With five schools on this campus (two secondary schools, one primary school and two lower secondary schools), the benefits of the adopter’s efforts accrued in varying degrees to all of them, The money was spent on cleaning and painting the premises, building a boundary wall, setting up a computer lab (with a teacher), renovating and equipping the school library (with a librarian), arranging a medical check-up of the students, sending 118 teachers to training workshops and appointing a full-time education adviser.
Normally this should have led to a turnaround. It has in some ways. The enrolment in the secondary school which had been steadily falling from year to year has stopped and the headmaster hopes to have a strength of 1,025 students on the rolls – there were 925 last year.
The computer lab and teacher have done the trick as word has spread round that this school offers computer studies at no substantial extra cost with computers which actually work and a teacher who actually teaches.
Now the adopters feel that the optimum benefit is not being derived from their contributions. The presence of five schools on this particular campus has hampered progress. The schools are grossly underutilized.
In fact, one of them has not had a single student on its roll for the last three years. But three teachers come regularly and leave after a while. According to what I was told, there are barely 200 pupils in the other three schools. Between them they have 43 teachers.
Apart from the waste of resources, the presence of these redundant schools entails, the secondary school which has been somewhat revived can function for only four hours since the classrooms have to be vacated for the afternoon shift – which has a dwindling number of children.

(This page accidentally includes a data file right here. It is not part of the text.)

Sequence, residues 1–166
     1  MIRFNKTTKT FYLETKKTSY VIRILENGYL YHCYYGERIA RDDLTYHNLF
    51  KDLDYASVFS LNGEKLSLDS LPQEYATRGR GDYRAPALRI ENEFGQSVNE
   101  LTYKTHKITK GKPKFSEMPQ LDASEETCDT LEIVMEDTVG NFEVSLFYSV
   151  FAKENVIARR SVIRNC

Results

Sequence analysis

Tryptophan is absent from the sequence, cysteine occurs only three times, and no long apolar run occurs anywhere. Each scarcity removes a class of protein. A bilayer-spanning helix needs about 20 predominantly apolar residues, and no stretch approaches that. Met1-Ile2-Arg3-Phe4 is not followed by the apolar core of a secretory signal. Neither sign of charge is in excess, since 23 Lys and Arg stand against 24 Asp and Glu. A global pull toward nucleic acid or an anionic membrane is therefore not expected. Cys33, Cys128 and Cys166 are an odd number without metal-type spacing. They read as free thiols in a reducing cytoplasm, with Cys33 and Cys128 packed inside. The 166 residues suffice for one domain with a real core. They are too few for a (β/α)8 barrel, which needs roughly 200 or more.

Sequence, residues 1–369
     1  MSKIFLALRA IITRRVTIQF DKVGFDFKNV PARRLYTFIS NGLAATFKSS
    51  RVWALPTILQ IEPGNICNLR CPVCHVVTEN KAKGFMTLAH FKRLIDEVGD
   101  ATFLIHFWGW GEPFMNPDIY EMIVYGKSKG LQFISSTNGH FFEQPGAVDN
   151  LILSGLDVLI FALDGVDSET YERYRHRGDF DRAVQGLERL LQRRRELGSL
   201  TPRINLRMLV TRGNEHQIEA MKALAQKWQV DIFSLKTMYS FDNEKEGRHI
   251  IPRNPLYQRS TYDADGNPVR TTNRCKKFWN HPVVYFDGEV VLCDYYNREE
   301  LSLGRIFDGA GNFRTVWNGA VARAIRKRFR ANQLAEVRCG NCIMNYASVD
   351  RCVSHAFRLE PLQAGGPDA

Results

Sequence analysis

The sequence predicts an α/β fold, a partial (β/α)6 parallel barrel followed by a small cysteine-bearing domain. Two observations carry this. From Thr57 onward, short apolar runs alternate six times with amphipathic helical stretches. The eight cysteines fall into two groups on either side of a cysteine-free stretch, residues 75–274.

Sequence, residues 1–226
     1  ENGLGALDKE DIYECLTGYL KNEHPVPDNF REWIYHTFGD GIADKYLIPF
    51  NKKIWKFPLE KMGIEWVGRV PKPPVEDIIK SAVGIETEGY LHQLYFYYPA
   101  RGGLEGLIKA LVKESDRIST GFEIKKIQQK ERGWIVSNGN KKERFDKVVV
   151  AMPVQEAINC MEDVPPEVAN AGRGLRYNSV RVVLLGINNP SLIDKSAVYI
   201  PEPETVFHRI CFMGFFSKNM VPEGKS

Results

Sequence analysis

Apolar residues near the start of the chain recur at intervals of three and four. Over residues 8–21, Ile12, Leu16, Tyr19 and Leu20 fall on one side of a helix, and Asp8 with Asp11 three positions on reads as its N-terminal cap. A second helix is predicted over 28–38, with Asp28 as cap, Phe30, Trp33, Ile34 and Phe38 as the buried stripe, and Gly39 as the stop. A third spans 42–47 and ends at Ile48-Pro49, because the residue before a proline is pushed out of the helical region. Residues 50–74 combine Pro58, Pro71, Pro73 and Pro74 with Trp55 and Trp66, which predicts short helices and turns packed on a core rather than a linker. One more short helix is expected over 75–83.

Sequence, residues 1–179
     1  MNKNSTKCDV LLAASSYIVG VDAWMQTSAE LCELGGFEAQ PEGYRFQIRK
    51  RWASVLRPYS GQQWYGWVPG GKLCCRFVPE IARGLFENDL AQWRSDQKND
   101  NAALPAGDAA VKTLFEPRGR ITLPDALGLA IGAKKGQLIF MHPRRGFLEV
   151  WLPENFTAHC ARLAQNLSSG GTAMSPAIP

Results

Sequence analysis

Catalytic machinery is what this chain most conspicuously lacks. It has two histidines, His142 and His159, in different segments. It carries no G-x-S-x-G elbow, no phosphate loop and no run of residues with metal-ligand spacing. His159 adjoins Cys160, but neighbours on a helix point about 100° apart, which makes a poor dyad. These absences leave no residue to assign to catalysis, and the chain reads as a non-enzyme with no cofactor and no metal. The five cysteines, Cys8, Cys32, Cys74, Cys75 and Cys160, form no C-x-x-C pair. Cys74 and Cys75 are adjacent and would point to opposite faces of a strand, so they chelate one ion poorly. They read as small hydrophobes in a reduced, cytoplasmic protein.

There is a lot of duplication and space is taken up for separate staff rooms, libraries and head teachers’ offices for every shift. The massive grounds are lying unused because the sports teacher wants his classes during school hours which are already too short.
The other sections cannot benefit from the computer lab which was set up for the morning shift. Now the adopters are trying to persuade the headmaster to share it with the afternoon shift.
The sensible solution would be to rationalize the working of these schools all of which should be merged into one primary school and one secondary section. But there are too many vested interests resisting a change in the status quo. Three head teachers would lose their jobs here while many teachers would have to be transferred.
The education department has so far failed to address the issue, as it has failed to tackle the complaints against the teachers by several adopters. All this is symptomatic of the authorities’ apathy.
One may blame the provincial education department for the mess but after the devolution scheme came into effect last year the nazims of various areas also share responsibility.
The problem is not so much of funding as it is of organization and management, motivating the teachers and monitoring their work. The lax approach of the authorities encourages indiscipline among the teachers.
Many adopters complain that if they try to enforce the rules, the teachers actually defy them and question their jurisdiction. But when there is even a slight improvement in the condition of a school – in terms of teaching, discipline and physical environment – the enrolment starts picking up.
It is therefore important that the teachers be made accountable to the adopters so that discipline can be enforced. This is possible only if those adopting a school are given more powers in the management of a school.
There is a precedent in this context. The Book Group has been given these powers under a notification from the Sindh government transferring temporary management of three schools in the province to the group, which has secured the management of one school in Rahimyar Khan as well.
This has enabled the group to tighten discipline and introduce better pedagogy and textbooks. With the government’s dependence on the private sectors growing for the improvement of the public sector school system, there is need to allow a greater say to those who are actually working for the uplift of a school.